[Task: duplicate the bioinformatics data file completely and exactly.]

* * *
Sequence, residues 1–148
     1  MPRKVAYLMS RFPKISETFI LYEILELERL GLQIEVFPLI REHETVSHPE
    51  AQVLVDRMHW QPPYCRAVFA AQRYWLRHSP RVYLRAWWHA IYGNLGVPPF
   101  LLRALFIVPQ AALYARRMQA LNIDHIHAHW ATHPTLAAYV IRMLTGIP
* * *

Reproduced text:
Sequence, residues 1–148
     1  MPRKVAYLMS RFPKISETFI LYEILELERL GLQIEVFPLI REHETVSHPE
    51  AQVLVDRMHW QPPYCRAVFA AQRYWLRHSP RVYLRAWWHA IYGNLGVPPF
   101  LLRALFIVPQ AALYARRMQA LNIDHIHAHW ATHPTLAAYV IRMLTGIP